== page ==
In a recent Massachusetts assault case, the defendant pled guilty to assault and battery on a girlfriend and her child. A judge sentenced him to 2 1/2 years in the house of correction, but he only had to serve six months with the balance suspended for three years. He was sentenced to three years of probation on the second charge.
He moved to revise and revoke the sentence. He asked if he could serve the sentence on weekends. The sentence was stayed until 2015, and on that date, the judge allowed the motion. The Commonwealth appealed, arguing the judge had made a mistake in granting the defendant’s motion. It argued the defendant didn’t meet the criteria provided under M.G.L. c. 279 section 6A that would allow him to serve a special weekend sentence.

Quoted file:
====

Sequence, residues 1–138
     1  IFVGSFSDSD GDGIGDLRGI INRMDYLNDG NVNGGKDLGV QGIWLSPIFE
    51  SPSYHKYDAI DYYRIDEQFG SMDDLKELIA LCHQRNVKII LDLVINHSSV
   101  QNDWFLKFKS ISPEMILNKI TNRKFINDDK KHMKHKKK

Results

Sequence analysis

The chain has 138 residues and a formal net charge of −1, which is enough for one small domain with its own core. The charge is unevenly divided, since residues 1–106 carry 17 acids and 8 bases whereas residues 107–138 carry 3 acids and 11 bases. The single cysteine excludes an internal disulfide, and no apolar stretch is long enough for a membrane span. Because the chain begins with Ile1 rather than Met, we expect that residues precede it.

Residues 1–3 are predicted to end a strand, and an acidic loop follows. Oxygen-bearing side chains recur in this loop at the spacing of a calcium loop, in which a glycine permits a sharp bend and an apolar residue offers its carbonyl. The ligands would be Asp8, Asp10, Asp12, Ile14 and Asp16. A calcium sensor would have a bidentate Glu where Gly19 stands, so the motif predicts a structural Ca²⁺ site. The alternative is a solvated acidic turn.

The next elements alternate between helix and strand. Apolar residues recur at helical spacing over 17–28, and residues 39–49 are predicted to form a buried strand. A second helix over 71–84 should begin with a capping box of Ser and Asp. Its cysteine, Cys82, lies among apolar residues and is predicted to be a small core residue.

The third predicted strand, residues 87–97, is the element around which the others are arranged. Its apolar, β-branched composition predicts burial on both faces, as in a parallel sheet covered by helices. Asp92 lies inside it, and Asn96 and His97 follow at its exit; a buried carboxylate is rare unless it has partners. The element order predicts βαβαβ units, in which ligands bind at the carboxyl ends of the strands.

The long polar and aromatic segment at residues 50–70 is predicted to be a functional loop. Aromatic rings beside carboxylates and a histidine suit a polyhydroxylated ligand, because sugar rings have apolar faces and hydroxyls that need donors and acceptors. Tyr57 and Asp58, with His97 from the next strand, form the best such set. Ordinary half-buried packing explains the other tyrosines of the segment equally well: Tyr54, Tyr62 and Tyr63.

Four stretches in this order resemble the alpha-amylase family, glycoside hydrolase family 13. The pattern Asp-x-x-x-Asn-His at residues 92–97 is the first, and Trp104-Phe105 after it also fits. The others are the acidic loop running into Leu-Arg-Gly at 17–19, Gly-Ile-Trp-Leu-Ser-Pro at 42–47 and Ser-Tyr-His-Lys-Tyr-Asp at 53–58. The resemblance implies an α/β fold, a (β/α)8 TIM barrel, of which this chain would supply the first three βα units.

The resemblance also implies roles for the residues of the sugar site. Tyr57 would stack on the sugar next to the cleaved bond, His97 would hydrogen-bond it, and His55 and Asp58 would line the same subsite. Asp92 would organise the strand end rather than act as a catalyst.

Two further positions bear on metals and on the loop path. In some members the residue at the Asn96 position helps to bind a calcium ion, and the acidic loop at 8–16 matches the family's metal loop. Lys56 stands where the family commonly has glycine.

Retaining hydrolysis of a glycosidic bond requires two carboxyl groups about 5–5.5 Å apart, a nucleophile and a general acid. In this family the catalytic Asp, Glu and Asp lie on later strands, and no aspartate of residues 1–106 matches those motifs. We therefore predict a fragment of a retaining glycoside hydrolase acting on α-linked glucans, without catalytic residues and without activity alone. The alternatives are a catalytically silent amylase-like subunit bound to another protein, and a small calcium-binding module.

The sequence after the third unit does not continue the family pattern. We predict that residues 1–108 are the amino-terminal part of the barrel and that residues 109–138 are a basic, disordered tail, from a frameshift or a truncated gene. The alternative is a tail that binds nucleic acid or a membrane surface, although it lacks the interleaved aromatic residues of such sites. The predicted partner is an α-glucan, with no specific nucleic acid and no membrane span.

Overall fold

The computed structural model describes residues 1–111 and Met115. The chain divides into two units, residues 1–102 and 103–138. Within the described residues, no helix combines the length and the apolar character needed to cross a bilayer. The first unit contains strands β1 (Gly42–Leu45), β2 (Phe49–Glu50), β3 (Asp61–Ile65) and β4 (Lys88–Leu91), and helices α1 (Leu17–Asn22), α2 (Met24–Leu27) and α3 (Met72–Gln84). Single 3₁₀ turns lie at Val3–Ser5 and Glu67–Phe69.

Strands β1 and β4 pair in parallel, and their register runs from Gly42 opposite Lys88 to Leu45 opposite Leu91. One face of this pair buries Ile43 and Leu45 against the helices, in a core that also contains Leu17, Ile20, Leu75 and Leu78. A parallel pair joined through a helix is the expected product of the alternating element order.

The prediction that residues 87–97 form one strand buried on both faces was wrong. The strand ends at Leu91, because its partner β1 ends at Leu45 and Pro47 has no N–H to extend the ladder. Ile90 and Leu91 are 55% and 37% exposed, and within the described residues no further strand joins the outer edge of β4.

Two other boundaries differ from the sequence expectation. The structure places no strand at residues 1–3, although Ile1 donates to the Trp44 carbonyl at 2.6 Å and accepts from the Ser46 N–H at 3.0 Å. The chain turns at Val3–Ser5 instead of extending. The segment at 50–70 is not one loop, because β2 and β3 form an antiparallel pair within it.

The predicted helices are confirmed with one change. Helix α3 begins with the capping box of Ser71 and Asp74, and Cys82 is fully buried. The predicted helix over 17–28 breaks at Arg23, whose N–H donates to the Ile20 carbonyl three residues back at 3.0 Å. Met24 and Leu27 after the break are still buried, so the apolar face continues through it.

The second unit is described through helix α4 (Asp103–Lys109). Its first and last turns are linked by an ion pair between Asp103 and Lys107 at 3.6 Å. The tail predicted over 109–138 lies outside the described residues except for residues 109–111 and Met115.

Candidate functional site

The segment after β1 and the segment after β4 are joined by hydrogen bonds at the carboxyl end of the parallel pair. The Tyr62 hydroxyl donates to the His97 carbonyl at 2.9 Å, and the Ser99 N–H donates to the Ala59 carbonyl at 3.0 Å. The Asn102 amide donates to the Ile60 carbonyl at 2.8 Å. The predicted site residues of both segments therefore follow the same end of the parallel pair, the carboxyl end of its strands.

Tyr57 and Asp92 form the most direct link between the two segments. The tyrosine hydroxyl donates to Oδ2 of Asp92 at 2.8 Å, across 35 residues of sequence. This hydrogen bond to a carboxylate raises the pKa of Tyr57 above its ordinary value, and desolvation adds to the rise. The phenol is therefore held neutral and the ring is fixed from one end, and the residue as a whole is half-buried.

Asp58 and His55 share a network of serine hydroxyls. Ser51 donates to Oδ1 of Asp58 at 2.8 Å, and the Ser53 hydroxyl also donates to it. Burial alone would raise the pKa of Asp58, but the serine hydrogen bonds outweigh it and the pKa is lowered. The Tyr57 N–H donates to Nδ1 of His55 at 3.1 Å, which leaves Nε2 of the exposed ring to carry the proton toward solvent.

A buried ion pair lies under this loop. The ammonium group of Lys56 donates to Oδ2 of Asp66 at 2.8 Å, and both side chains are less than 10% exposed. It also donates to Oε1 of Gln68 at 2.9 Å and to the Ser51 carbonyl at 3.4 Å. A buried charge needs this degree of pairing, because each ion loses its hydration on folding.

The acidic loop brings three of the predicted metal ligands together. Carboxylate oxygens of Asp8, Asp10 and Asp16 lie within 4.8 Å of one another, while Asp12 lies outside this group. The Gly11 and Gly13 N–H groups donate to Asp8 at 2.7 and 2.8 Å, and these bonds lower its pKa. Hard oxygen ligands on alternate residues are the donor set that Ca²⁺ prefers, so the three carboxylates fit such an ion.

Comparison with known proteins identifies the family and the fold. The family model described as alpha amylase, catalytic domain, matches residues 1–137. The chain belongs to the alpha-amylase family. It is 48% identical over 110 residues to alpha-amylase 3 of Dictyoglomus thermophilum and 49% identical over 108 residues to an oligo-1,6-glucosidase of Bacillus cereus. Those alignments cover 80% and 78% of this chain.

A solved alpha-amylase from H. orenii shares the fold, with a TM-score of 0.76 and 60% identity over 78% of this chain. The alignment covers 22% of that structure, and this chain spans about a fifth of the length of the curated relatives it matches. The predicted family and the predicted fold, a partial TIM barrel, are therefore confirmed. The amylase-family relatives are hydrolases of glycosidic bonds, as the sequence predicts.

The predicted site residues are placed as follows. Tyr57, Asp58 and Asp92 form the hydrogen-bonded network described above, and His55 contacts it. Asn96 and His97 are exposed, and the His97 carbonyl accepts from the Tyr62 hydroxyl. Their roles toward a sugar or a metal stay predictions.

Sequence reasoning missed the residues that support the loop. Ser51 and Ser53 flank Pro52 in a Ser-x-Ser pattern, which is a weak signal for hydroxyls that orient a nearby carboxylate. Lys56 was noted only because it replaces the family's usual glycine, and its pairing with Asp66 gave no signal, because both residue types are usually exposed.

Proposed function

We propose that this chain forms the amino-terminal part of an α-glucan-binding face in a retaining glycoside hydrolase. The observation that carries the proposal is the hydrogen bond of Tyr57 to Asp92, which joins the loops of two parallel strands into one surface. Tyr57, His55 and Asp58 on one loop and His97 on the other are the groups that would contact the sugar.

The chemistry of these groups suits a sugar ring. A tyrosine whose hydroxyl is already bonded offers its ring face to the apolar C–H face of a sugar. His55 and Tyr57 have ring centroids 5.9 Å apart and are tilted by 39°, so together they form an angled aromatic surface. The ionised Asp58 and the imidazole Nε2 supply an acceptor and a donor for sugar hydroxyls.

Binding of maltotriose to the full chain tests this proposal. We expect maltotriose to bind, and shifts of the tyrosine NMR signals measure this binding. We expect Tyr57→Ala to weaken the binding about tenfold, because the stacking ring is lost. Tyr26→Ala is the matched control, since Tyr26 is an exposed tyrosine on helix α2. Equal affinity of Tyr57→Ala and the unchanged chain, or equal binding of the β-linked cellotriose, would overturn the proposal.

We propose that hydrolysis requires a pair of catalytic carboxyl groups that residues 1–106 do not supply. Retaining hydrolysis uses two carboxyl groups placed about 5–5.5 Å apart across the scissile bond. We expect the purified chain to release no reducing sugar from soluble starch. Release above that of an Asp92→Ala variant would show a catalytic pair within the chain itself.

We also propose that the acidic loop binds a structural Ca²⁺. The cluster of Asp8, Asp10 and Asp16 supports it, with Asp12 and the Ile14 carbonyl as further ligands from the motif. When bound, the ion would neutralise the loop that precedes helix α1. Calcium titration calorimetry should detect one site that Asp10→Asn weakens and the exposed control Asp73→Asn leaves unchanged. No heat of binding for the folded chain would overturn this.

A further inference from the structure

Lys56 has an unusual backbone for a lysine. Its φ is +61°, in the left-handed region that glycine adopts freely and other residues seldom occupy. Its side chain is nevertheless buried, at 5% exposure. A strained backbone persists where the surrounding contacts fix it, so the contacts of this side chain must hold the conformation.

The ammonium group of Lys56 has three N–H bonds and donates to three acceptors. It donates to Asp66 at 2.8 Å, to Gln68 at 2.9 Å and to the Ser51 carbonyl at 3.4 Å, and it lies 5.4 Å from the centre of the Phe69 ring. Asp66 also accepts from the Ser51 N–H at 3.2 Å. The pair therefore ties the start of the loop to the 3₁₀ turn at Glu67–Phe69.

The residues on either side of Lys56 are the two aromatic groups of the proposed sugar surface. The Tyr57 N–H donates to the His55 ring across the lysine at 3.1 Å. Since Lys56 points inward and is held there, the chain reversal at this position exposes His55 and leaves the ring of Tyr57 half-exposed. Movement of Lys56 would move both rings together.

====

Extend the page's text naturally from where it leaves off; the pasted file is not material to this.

After the appeal was entered, the judge held a hearing on the sheriff department’s petition to modify after the appeal was entered. The sheriff argued that the defendant should not be eligible due to his priors, having been imprisoned on prior convictions. The judge reduced the committed part of the defendant’s sentence to time served.